Latin America and the Caribbean urgently needs to take action on a new social compact, a political instrument based on a broad and participatory dialogue that would arrive at agreements and consensuses to face the present contingency and rethink the reactivation in the wake of the COVID-19 pandemic, Alicia Bárcena, Executive Secretary of the Economic Commission for Latin America and the Caribbean (ECLAC), stated today.
The senior United Nations official participated in a high-level panel entitled “From an impending issue to an emergency: the imperative need for a new and more inclusive social pact in Latin America and the Caribbean,” held in the framework of the OECD-Latin America and the Caribbean (LAC) Virtual Social Inclusion Ministerial Summit: Informality and Social Inclusion in the Times of COVID-19.
On the panel – which was moderated by Miguel Vargas, the Foreign Affairs Minister of the Dominican Republic – the participants also included Martha Delgado, Undersecretary for Multilateral Affairs and Human Rights of Mexico; Rebeca Grynspan, the Ibero-American Secretary General; Gabriela Ramos, Assistant Director-General for Social and Human Sciences at the United Nations Educational, Scientific and Cultural Organization (UNESCO); Ana María Rodríguez, Vice President for Sectors and Knowledge at the Inter-American Development Bank (IDB); and Hernando Soto, President of the Institute for Liberty and Democracy.
During her presentation, Alicia Bárcena underscored that Latin America and the Caribbean is facing a civilizing crossroads and an exceptional time for rethinking and addressing the future with strengthened roles for the State, the market and society.
She said that the legitimacy of and trust in States is being tested today and that given the disconnect between society and the State, it is necessary to move towards broad social compacts in the main political sectors, as a pathway for attaining welfare states and sustainable production and consumption models in line with the 2030 Agenda for Sustainable Development.
She added that these compacts must incorporate environmental sustainability, investment and an industrial policy that truly allows the region to achieve a big push for sustainability.
ECLAC’s highest authority emphasized that a fiscal compact constitutes another crucial area, with a view to promoting progressive and sustainable taxation and ensuring steady and sufficient resources for permanent social investment in the population’s welfare, enjoyment of rights and resilience.
“We are facing an unprecedented crisis that requires transforming the development model in Latin America and the Caribbean, and promoting universal, redistributive and solidarity-based social policies,” she affirmed.
ECLAC’s Executive Secretary recalled that, due to the current crisis prompted by the coronavirus disease (COVID-19), the region runs the risk of erasing 13 years of progress.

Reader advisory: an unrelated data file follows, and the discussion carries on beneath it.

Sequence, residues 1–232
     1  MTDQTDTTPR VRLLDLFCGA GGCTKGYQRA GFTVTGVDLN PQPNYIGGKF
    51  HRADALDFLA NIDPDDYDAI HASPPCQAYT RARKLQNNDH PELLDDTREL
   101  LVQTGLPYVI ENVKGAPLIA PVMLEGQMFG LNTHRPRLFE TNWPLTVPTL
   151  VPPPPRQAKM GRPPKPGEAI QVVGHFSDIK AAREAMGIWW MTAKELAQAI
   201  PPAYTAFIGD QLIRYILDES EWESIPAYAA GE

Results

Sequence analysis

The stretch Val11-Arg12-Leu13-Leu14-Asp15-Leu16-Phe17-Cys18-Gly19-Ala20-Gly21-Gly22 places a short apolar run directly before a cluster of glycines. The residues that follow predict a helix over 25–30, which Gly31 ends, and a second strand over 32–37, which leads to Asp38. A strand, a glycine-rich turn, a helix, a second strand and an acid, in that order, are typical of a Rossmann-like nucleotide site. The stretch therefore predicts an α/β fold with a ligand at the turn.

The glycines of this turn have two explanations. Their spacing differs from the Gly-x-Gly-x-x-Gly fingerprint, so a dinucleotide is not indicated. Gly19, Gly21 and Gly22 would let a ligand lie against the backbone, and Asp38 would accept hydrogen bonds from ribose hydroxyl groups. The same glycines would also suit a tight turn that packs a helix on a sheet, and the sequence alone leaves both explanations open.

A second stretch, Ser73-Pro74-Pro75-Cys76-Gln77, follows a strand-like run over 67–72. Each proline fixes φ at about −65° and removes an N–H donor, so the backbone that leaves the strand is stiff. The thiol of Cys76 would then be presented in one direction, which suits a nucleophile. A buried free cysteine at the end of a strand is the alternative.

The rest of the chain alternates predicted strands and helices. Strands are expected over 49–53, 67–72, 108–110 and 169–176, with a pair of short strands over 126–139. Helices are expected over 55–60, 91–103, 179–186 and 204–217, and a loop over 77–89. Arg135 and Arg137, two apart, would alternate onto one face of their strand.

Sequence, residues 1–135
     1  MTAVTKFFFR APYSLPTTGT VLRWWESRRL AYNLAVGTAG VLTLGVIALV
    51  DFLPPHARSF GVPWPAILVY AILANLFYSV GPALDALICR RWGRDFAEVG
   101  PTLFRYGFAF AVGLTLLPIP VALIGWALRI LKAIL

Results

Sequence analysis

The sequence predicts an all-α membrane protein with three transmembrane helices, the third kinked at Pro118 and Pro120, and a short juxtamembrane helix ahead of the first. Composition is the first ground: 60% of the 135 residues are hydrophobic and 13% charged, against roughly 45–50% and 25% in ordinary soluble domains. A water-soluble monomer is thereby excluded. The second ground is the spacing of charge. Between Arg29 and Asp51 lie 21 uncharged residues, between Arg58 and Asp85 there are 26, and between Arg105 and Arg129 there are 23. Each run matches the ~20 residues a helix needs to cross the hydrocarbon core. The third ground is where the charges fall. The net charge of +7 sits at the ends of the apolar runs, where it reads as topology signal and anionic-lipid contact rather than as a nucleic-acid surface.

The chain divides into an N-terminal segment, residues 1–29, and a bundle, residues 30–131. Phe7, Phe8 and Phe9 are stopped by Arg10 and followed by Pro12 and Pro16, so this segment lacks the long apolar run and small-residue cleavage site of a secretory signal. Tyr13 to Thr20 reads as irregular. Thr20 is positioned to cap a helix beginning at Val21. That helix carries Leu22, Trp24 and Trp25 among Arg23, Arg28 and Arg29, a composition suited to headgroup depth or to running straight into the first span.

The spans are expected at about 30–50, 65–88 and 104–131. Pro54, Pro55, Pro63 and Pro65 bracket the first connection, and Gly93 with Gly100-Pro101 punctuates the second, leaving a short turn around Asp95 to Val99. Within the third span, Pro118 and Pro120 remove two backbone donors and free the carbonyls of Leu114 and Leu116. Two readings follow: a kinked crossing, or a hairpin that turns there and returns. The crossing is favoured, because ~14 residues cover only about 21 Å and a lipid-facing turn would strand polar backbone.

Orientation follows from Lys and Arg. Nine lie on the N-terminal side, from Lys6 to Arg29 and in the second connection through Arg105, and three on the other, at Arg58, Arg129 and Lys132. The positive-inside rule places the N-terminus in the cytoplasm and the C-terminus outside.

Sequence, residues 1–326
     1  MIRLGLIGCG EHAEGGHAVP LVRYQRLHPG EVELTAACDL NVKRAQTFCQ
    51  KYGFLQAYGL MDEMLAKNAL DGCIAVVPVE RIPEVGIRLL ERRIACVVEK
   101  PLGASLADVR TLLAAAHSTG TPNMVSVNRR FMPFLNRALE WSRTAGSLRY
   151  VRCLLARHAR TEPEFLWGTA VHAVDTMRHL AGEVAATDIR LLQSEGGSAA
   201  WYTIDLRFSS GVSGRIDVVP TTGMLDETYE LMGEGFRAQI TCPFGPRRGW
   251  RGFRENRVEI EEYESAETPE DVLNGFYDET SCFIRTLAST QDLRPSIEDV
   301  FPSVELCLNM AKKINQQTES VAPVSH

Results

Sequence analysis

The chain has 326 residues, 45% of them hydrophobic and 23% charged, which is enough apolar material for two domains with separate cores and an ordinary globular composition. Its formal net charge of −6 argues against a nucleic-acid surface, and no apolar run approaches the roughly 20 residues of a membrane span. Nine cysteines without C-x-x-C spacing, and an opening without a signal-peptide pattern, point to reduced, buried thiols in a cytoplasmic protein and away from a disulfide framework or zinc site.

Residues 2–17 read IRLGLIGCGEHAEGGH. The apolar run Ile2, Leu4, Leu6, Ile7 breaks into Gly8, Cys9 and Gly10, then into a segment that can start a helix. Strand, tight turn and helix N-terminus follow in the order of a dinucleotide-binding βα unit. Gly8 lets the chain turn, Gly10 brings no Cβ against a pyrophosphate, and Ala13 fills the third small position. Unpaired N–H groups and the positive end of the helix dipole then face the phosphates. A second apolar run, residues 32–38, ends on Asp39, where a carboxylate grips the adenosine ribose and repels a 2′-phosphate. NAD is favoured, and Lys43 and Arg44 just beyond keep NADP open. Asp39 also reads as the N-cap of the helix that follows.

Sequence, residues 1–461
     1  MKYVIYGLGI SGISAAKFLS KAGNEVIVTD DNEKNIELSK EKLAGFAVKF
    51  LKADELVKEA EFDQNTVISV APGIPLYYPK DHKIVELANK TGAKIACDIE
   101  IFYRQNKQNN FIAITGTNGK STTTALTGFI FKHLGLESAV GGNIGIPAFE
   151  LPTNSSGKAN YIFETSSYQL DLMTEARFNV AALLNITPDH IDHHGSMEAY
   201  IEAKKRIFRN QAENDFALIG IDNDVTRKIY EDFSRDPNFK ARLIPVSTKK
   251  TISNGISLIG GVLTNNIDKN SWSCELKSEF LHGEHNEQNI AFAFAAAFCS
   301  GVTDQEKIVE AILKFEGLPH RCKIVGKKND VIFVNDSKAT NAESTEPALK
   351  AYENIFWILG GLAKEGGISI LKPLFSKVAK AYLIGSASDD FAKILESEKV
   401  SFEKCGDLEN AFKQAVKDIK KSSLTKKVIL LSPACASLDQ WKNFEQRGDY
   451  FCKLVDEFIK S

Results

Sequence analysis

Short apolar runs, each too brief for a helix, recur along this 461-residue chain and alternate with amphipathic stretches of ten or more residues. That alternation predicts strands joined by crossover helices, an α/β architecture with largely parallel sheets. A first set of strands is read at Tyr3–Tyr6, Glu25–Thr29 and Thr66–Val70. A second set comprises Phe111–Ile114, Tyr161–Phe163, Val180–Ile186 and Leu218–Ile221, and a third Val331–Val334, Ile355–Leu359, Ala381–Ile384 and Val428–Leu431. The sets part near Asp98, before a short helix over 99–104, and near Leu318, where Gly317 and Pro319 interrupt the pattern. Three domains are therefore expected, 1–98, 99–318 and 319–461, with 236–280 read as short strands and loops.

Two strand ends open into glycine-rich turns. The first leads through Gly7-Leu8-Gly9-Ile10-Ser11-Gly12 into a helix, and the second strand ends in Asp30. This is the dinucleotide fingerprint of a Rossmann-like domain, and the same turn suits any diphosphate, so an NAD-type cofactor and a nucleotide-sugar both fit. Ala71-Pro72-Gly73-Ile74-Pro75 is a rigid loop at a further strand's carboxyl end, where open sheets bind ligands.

She specified that, according to ECLAC’s latest estimates, the region will suffer a 9.1% drop in GDP and a 5.4 percentage point increase in the unemployment rate, which is forecast to reach 13.5%.
In 2020, poverty in Latin America is seen rising by 7.1 percentage points (45.4 million more people) compared with the previous year, taking the total number of people living in poverty to 230.9 million (37.3% of the region’s population). Extreme poverty is expected to rise by 4.5 percentage points (an additional 28.5 million people), affecting in all 96.2 million people (15.5% of the population) who will not be able to meet their basic food needs.
Inequality, meanwhile, will grow by 4.7%, and already 54% of people work in informal conditions, with women the most affected as they represent 60% of that population. In Latin America in the first income decile, 65.8% of workers neither contribute to nor are affiliated with a health system, compared with a weighted average of 42.7%, she added.
To confront the crisis, Bárcena said, ECLAC proposes implementing an emergency basic income equivalent to one poverty line ($147 dollars) for six months, at a cost of 1.9% of GDP, as well as an anti-hunger grant equivalent to 70% of one extreme poverty line ($57 dollars), which would cost 0.45% of GDP. Further proposals include subsidies for microenterprises, greater multilateral cooperation, and a new social compact that would incorporate environmental sustainability.
She added that, according to the Commission’s calculations, there will be a loss of 2.7 million companies, which represent 19% of the business fabric in the region. Therefore, she indicated, ECLAC proposes a subsidy for microenterprises and expanded credit for small and medium-sized enterprises, at zero interest and for a two-year term. It also recommends bailing out big, strategic companies but only on certain conditions, such as that they do not invest in tax havens or redistribute profits among the partners.
Alicia Bárcena stressed the need for an international compact, a much bigger multilateral response than the existing one, which would be extended to middle-income countries that face structural limits and are not taken into consideration in multilateral assistance or concessional funding cooperation mechanisms.
“This will require emergency liquidity assistance, special drawing rights, trade exemptions, a debt service standstill, humanitarian aid. This proposal dovetails with the strategy of the Secretary-General, António Guterres, who, along with Jamaica and Canada, is calling for expanding instruments of financing and looking at the sustainability of debt in countries like the Caribbean that do not have the financial wherewithal to tap markets,” she stated.
Finally, Alicia Bárcena highlighted that deepening regional integration must be an essential component of any strategy to emerge from the crisis. This entails strengthening our own production linkages and promoting intraregional trade, she concluded.